Sometimes Maf sensors can fail and even when cleaned needed to be replaced and the reproggammed by the dealership.
How did you get a 2000 with such low mileage?
I ask because this could help in diagnosing the problem.
Let me know the above information and I will keep an eye on this post for your replay and respond ASAP.
March, 18, 2011 AT 6:00 AM
I have seen a lot of L model saturns with plugged cats and a lot of then will just not shift untill you let off the gas thats when I check the exhaust for excesive back pressure. Thats what I would be checking.
March, 18, 2011 AT 2:46 PM
Regardless of the temperature of the vehicle, this issue occurs whenever you get on the accelerator too hard. It can be just started in the mornings, floor it & you'll get up to 20 MPH or so - RPM's at 4 grand and no trans shifting. Operating temperature - same deal. Higher speeds, same deal. The vehicle was purchased at auction by a used car dealership, & I bought it from them kind of cheap. I'm pretty sure you're right about "priming" the system - W/my fuel gauge attached to the test port - Turning the key "ON" and not cranking/starting the engine - I have 0 PSI fuel pressure. I've depressed the release valve during this test just to make sure my gauge wasn't just inaccurate (it's brand new) and no fuel flow comes at all UNTIL I start cranking the engine.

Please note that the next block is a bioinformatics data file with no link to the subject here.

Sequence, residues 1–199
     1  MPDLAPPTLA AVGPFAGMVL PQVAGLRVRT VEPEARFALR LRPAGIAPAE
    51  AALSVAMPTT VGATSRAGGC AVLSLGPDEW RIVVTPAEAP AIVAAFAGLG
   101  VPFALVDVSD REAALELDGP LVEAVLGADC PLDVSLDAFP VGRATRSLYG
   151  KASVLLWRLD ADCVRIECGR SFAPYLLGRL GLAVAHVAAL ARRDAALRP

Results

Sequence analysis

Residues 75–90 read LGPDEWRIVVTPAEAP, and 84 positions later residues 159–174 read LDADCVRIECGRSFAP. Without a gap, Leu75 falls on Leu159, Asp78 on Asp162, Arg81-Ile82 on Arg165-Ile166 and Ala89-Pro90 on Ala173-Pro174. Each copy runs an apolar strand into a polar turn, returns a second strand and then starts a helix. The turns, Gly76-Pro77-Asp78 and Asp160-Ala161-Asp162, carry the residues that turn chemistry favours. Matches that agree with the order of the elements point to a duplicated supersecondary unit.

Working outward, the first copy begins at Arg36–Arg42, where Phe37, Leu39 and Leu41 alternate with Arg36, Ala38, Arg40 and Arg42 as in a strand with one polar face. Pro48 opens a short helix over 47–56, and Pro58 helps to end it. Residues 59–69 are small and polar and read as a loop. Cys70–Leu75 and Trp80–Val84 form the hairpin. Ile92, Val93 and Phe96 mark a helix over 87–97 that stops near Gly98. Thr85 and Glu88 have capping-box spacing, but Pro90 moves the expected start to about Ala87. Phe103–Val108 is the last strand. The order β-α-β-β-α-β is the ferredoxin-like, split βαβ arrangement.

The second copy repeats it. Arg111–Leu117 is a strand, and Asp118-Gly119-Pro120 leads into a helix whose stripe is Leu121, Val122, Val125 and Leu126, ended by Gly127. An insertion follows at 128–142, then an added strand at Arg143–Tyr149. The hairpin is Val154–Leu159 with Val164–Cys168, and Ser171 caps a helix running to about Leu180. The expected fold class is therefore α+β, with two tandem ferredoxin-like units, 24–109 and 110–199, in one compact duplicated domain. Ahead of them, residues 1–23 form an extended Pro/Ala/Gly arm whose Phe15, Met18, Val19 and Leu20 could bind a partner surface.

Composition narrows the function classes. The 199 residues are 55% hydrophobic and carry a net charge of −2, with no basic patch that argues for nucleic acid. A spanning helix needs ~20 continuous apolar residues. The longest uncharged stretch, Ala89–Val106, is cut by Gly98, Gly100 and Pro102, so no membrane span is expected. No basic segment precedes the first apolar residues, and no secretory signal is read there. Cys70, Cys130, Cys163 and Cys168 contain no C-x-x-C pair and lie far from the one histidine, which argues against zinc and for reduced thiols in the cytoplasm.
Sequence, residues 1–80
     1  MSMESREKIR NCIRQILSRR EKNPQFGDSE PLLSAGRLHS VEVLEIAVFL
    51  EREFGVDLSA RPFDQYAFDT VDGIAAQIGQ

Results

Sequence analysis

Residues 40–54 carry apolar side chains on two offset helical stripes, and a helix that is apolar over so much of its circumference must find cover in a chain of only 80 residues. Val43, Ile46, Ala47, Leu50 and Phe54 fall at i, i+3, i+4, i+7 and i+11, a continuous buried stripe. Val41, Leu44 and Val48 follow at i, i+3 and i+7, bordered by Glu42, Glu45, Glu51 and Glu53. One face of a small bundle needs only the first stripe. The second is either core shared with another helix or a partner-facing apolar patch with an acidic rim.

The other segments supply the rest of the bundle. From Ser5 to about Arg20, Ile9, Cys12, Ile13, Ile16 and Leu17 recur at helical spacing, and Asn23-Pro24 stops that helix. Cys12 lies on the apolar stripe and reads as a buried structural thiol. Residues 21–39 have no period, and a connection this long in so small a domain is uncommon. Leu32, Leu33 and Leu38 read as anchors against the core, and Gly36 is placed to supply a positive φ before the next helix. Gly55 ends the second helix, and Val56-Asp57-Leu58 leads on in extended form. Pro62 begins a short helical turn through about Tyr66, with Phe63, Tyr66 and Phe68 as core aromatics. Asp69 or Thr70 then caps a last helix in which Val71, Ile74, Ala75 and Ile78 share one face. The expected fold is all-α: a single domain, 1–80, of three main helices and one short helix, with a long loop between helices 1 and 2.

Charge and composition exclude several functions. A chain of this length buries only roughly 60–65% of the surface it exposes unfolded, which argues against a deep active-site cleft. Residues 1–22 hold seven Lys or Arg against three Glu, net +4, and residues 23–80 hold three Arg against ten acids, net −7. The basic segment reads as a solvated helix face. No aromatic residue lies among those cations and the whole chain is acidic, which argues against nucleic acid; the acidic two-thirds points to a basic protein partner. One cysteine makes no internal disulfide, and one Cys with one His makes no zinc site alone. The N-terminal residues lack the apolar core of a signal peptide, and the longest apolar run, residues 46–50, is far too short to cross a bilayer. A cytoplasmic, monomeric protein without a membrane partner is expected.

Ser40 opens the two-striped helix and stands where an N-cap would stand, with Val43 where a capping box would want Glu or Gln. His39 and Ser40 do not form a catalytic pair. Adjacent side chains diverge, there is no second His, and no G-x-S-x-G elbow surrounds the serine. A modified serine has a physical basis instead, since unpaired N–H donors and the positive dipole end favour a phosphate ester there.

According to alldata - This system should let the pump run for 2 seconds when you turn the key on and fuel pressure, key on engine off should be approx. 39-44 PSI. I've replaced the fuel pump relay in the left instrument panel fuse box to no avail.
Shouldn't this generate some sort of trouble code? Even if it was the cat, wouldnt' a p0420 set?
March, 18, 2011 AT 3:48 PM
Stech is refferring to the cats getting to hot, (if I am right and I am sorry if I am speaking out of turn ), he is the Saturn expert and has seen these in and out and knows them all to well.
The excessive back pressure does not allow the hydrocarbons to escape and there is probably a safety shut off for the fuel so as to not overheat the cats.
STech, is this on the right track? What do you think about the 0 PSI fuel pressure at igniton? Would a cat back exhaust alleviate the problem?
Thanks for helping out.I was concerned about the affect of the low and/or flucuating fuel pressure on the engine.
March, 18, 2011 AT 4:57 PM